This book was a exceptional read, a true example of the great "Classic American Novel", truly one of the top 100 novels ever written. I read it once before, while in high school, as part of an assignment designed to teach students about great novels. I recall enjoying the experience, but by no measure did I really understand how remarkable, how eloquent a testemant to letters and reading this book trully stands. I think my improved understanding of this book comes from my many years of life experiences, includiing my years as a warrior, coupled by the many years of reading I've completed. The author's beautifule prose, the narrative, the pacing of the story, the author's ability to capture the humanity of characters, all of these factors and more have created this masterpiece. Almost everyone would enjoy reading this book! It is not simply a war story, it is a story about growing up, and facing whatever life throws at you.
  • Mautaxe
I purchased this for my husband after an episode of "Boardwalk Empire" where a character has a dream sequence and appears to be dying (we don't know if he is/does).
I asked if he (my husband) had ever read this story and he didn't know what I was talking about.
This book was required reading for me in high school (1994-95) and I LOVED it.

Many people in their reviews talk about the characters, plot, etc so I won't do that.

I will say that when this book arrived it was in great condition, brand new.

HOWEVER!! The print is SO TINY! If you are purchasing this for an older person I would recommend trying to find an edition that has larger font or maybe a Kindle edition so that the reader can enlarge the words.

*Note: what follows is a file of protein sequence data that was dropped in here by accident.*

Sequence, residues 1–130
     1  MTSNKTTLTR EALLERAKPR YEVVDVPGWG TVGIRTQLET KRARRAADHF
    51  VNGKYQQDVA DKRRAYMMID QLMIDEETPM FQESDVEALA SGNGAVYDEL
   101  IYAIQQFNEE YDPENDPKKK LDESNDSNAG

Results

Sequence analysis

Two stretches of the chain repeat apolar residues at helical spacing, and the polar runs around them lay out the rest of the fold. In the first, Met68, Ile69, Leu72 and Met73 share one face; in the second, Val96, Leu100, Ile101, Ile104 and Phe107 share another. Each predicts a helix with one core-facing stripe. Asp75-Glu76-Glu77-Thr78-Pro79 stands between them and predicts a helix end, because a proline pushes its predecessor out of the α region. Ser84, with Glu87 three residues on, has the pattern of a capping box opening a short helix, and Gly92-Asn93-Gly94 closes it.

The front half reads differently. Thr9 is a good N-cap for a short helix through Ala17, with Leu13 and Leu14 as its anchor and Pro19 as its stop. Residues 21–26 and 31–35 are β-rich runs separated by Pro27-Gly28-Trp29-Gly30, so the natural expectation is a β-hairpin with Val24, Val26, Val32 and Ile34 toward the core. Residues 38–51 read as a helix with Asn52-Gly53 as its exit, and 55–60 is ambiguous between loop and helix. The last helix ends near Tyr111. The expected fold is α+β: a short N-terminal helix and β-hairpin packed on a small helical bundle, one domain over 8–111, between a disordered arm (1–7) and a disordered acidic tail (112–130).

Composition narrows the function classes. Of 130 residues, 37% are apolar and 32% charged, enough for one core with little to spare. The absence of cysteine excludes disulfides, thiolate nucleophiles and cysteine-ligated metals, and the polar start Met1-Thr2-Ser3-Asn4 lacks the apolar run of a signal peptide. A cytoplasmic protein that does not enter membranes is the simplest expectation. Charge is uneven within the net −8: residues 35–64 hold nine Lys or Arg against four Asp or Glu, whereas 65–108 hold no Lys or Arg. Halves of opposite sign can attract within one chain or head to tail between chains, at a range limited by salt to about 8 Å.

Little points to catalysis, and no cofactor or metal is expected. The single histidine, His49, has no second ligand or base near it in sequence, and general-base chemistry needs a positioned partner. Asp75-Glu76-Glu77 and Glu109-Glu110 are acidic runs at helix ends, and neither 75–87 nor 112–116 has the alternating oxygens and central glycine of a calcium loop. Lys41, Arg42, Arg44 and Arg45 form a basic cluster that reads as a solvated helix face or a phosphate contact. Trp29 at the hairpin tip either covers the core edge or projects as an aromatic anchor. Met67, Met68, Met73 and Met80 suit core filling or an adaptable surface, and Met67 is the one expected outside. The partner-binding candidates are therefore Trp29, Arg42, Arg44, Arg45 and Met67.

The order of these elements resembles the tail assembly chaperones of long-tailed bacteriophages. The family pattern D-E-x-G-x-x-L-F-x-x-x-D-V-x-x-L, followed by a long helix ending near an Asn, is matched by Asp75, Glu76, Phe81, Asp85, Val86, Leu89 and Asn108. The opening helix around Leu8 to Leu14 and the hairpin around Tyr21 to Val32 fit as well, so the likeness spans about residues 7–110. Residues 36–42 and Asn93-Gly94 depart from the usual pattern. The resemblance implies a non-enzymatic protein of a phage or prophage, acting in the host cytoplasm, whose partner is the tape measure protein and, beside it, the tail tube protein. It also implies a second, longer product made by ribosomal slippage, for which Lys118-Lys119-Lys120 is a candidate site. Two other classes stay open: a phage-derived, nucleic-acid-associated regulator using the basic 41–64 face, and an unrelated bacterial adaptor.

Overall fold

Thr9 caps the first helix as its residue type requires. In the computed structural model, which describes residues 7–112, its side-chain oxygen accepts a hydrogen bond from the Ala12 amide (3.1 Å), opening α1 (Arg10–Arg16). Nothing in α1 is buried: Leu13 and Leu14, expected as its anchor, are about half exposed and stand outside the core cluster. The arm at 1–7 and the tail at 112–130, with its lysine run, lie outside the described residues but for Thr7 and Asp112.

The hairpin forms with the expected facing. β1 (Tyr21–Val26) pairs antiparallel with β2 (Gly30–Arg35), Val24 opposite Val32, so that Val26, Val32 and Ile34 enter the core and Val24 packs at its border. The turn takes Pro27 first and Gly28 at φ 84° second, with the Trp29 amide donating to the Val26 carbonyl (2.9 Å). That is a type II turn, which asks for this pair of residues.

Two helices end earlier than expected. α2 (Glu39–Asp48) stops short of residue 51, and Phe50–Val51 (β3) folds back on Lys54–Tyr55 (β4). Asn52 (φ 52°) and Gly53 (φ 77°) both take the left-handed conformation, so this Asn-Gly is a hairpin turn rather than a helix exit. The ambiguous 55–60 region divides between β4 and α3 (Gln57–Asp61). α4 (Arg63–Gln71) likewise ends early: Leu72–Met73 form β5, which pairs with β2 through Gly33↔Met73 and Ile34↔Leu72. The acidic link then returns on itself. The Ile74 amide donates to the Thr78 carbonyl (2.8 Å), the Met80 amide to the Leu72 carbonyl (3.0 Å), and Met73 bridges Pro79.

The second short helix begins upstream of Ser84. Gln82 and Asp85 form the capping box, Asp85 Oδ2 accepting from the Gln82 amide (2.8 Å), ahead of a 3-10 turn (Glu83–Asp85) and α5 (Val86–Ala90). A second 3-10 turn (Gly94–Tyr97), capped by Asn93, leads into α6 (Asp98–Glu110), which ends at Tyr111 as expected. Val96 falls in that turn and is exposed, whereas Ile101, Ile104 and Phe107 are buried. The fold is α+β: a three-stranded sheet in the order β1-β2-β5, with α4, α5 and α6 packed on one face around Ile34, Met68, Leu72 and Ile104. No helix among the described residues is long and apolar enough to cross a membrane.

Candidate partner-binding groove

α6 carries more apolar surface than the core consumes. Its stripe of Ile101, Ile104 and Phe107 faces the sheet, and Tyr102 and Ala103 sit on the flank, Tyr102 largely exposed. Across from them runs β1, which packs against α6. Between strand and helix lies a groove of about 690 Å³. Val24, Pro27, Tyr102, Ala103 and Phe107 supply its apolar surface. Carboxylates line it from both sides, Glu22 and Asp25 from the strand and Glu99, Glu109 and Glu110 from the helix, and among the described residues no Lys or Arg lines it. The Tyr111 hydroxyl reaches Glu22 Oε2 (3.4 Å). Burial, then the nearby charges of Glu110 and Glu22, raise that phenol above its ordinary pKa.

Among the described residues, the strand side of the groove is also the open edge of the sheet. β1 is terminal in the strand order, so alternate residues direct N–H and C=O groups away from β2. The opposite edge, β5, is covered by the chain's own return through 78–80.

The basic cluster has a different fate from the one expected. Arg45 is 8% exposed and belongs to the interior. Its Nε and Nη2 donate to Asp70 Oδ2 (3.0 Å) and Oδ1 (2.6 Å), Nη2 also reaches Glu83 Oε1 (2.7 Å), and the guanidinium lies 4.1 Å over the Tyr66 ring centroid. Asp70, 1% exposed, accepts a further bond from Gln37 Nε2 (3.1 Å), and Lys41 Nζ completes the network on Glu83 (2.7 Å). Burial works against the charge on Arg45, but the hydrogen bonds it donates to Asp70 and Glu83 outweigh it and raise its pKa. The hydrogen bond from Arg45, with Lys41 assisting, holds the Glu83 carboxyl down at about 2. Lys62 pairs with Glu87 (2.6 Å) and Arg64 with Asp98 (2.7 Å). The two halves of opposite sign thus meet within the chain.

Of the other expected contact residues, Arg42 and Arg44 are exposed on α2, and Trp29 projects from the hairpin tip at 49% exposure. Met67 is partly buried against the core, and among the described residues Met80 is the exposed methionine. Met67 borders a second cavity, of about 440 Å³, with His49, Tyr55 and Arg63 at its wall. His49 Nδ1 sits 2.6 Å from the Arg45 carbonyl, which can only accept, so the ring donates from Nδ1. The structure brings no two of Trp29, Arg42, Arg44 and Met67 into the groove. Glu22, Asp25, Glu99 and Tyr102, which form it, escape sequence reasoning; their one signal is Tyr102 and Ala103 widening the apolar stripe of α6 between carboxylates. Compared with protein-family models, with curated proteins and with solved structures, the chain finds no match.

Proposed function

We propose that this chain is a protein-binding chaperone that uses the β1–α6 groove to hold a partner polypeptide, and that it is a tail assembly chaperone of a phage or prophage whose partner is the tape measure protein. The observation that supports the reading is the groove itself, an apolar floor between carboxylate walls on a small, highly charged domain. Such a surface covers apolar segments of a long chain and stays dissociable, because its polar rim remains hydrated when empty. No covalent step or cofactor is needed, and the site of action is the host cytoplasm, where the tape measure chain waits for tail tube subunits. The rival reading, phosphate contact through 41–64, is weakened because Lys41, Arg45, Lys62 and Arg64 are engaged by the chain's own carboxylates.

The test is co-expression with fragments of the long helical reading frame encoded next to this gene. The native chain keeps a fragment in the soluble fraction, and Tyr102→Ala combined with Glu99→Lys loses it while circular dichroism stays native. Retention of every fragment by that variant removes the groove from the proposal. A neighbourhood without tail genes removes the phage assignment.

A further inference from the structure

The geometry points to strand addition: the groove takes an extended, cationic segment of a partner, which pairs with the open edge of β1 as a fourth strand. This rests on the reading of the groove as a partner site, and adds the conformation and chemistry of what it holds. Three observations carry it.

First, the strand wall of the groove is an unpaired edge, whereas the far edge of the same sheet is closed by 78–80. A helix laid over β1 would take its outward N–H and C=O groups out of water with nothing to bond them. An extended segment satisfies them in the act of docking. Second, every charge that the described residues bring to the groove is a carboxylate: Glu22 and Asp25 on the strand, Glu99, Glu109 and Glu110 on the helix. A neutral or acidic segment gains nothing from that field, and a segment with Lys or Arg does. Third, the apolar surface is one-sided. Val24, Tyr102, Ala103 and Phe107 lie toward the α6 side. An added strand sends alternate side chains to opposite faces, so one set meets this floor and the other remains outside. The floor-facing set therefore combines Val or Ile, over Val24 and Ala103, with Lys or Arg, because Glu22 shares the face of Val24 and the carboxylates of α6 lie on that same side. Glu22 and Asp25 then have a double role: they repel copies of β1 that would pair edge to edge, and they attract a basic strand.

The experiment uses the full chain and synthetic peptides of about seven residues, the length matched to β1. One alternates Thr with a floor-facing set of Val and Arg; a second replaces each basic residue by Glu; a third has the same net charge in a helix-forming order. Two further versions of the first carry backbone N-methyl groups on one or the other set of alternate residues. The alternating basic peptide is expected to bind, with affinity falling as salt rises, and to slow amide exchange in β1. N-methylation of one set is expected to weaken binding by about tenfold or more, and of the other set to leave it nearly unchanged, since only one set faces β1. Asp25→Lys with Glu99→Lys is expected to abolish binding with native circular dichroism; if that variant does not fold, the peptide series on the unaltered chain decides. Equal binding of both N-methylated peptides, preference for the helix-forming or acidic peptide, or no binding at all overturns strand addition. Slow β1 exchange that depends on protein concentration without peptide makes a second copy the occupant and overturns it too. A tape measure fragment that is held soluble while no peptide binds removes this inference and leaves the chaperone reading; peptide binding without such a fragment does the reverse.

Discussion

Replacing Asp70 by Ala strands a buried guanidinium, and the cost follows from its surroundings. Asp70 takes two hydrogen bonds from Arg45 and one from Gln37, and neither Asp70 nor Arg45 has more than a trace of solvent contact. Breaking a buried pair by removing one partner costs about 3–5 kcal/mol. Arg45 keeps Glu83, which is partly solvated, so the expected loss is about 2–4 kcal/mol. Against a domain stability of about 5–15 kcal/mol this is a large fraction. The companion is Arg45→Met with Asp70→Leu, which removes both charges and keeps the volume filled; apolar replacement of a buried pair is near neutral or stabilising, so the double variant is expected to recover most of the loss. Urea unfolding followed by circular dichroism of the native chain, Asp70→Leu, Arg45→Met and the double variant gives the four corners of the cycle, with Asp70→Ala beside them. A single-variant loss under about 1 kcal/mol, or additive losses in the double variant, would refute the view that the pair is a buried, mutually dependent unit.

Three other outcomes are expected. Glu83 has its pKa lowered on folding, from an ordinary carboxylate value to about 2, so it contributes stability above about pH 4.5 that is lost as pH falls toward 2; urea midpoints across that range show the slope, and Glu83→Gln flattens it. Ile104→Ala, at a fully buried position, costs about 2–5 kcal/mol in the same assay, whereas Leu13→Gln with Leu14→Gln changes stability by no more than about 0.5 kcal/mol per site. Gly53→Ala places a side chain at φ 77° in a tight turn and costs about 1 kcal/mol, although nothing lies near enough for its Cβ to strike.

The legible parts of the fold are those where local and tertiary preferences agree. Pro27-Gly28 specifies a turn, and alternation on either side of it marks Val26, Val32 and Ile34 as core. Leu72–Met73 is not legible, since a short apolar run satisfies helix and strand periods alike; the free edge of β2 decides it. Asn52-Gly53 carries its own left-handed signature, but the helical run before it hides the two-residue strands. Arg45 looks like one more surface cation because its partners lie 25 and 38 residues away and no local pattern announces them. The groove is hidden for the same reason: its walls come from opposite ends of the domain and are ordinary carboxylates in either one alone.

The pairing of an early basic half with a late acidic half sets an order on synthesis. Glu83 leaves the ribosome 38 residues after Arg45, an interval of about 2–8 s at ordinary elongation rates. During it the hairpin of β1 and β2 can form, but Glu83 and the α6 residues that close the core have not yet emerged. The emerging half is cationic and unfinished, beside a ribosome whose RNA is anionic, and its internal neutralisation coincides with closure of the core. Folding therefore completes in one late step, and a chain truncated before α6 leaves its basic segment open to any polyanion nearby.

• Samardenob
Stephen Crane. What bad is there to say about him? Sure, he never went to war - but that does not detract from the visceral experience one has in reading this work. Plus, Crane had a really wacky way of phrasing sentences which is inescapably modern. I read this novel over and over again. In this edition, it is 100 pages long. There is also Frank Norris' hilarious send-up of Stephen Crane's style and some other English-professor commentary. This is indispensable reading for anyone trying to understand war.
  • Goltizuru
I first read this book when I was 12 years old, many years ago, and I remember that it was one of my favorites in those days. But I didn't remember much beyond that, so I decided to read it again.

This classic was written in a style you don't see in American literature any more; a very descriptive book with elegant language, typical of 19th century writing. It is the story of an 18-year old young man who joined the Union Army and fought in the Civil War. Much of the story is about the feelings of this boy turning into a man in the harshest way, so there is not as much action as you would expect from a book written today. The book is about Henry Fleming's experiences in one particular battle, the first fighting for the 304th Infantry Regiment. In the battle, it is about what he sees and how he feels during the fight, rather than who is winning or losing, and how Henry changed from the first attack until the end of the battle, when they were marching away from the battlefield.

I found this look at how the young men who fought that war felt about the experience to be realistic and very interesting. But if you are looking for a guts and glory book about fighting and winning and heroic deeds, you may not enjoy this one.